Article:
- Waist circumference
- Risk factors for diseases associated with obesity: high blood pressure, high LDL cholesterol (bad cholesterol), low HDL cholesterol (good cholesterol), smoking and high blood sugar
Each of the following are more precise methods, however they aren’t always easily accessible:
- Some experts believe measuring body fat percentage is a more accurate indicator of healthy weight. Unfortunately, this is a difficult and costly option many cannot rely on.
- Skin-fold measurements require a technician to pinch a fold of skin on the patient’s body. This measures their subcutaneous lay of fat under the skin’s surface.
- Dual energy X-ray absorptiometry (DEXA) measures bone density. This method takes into account the weight of bones, which BMI does not.
- Bioelectrical impedance gauges the amount of resistance applied to an electric current sent through the body. This creates low readings when the patient is lean and higher results when more fat is present.
Most people cannot walk in for these services at their primary care office. Those who may located a trained specialist, may not have coverage to support it.
Waist to height ratio is an alternative to BMI measurements. Those who support this formula believe you can remain at a healthy weight if you manage to keep the circumference of your waist at less than half of their height.
Although less detailed and specific, this is a more cost efficient and accessible means of measuring that can benefit people regardless of their financial situation or access to healthcare.
Should the BMI Formula Be Adjusted?
As long as obesity continues to plague the population from as early as nine months old, it will remain a heated topic of discussion. Health professionals and researchers may disagree on the methods used to track and measure this epidemic, but the urgency of the issue is undebatable.
Quetelet’s formula was devised over 100 years ago. Society has since advanced through various ages of information, application and technological development.
Since obesity was not a large concern in the 1840s, it’s safe to assume Quetelet’s formula did not take discrepancies we have since discovered into account.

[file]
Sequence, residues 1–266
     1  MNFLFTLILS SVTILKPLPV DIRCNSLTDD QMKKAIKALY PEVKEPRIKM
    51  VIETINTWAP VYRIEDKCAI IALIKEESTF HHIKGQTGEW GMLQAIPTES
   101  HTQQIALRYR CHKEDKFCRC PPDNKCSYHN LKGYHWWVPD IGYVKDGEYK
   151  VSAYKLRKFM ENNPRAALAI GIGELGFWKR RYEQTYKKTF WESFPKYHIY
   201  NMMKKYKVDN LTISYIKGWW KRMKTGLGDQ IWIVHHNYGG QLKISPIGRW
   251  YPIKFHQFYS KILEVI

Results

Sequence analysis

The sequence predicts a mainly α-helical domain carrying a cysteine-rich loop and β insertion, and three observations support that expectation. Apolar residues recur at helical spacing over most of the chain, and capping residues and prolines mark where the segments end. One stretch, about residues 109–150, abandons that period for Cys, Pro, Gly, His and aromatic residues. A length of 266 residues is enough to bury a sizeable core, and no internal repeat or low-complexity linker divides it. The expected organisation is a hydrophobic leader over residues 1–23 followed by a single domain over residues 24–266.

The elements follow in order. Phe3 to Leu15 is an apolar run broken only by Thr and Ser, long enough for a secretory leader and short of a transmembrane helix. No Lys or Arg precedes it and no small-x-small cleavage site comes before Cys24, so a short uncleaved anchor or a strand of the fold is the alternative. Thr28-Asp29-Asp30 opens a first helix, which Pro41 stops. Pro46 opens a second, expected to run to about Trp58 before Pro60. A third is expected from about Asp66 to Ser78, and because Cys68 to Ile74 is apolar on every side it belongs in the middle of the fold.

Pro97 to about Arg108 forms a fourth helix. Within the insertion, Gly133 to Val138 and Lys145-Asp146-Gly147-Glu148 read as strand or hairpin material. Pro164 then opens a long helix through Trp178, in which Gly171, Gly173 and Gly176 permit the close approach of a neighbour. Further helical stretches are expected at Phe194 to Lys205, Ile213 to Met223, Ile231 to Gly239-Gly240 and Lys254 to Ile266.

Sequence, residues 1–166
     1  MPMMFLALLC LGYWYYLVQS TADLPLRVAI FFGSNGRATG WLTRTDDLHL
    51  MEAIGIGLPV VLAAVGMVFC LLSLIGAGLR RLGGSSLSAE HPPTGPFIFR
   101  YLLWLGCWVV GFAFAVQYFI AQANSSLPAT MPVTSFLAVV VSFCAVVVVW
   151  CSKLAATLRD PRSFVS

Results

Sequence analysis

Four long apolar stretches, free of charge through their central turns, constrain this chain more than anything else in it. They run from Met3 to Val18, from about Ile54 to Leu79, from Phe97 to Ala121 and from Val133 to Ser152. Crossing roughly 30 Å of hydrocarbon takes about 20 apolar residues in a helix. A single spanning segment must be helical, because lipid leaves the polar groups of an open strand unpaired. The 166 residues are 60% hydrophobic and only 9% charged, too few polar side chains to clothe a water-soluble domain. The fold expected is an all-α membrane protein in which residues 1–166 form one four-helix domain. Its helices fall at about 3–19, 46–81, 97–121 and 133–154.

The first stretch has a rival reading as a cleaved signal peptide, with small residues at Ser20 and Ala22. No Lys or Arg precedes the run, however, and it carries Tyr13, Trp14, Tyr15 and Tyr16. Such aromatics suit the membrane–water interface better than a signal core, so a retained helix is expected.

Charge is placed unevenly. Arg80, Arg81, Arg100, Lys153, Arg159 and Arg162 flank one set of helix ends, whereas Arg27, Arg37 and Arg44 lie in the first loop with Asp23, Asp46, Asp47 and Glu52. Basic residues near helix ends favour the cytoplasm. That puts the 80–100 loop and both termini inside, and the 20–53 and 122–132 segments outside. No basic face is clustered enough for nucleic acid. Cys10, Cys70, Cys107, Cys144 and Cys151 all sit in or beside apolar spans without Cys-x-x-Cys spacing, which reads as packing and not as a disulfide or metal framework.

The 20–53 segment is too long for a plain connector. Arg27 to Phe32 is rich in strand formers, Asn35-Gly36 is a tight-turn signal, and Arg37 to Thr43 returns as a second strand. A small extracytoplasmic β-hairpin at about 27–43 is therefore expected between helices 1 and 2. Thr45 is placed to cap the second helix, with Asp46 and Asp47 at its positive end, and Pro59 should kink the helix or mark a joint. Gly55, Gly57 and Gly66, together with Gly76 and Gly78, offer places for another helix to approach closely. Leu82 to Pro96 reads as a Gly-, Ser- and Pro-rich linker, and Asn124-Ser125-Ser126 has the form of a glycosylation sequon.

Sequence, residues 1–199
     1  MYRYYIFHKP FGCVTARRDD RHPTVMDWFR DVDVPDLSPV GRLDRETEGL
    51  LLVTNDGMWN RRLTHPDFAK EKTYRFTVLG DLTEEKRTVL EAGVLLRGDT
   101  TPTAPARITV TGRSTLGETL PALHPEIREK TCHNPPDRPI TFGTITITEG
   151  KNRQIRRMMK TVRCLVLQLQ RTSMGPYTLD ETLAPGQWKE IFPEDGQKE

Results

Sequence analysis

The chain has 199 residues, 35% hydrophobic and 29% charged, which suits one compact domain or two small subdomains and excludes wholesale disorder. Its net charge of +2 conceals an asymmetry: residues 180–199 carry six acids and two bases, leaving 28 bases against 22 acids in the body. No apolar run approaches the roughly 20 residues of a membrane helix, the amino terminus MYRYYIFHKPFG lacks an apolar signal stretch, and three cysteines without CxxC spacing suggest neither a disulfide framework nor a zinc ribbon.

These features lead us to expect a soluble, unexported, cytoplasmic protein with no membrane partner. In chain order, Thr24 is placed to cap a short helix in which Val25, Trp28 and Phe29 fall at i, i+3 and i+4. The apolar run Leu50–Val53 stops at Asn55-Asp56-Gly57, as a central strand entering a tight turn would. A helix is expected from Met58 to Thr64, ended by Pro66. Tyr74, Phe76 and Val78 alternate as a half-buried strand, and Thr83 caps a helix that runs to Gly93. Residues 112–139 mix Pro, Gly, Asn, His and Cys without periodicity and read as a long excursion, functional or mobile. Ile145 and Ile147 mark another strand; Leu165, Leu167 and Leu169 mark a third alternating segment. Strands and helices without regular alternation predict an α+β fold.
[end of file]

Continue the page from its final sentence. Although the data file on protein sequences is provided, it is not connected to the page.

Finding Your Ideal WeightWith so many variables in each argument, it’s easy to understand how someone may become frustrated with trying to find their own healthy weight limits, but doing so isn’t always black and white. It’d be great to have a number to hold in your head, but many things need to be considered when determining scaled perfection.
Overall health, height, bone density, body type, sex, age, and muscle to fat ratio all play a factor. BMI is handy when it comes to deciding on a general healthy range, but it is most effective when looking at the habits of larger populations opposed to individual circumstances.
Even with proven holes in the operation, BMI remains the preferred measurement for weight and obesity evaluation. It seems as if many doctors opt for the “why fix what isn’t broken?” approach because it’s quick, easy and convenient. They can complete the quick equation while the patient is still sitting in their office and determine whether their risk is high or low for weight-related health problems.
Although many people are inaccurately classified as overweight when other methods label them obese, as a preventative measure, most physicians begin offering recommendation as if obesity was imminent.
Alternative methods work, in their own respect, but medical science has yet to pinpoint a definitive source. For now, it seems as if the best results come when you combine a little bit of them all. Concentrate on being healthy, rather than what the scale says, and you shouldn’t go wrong either way.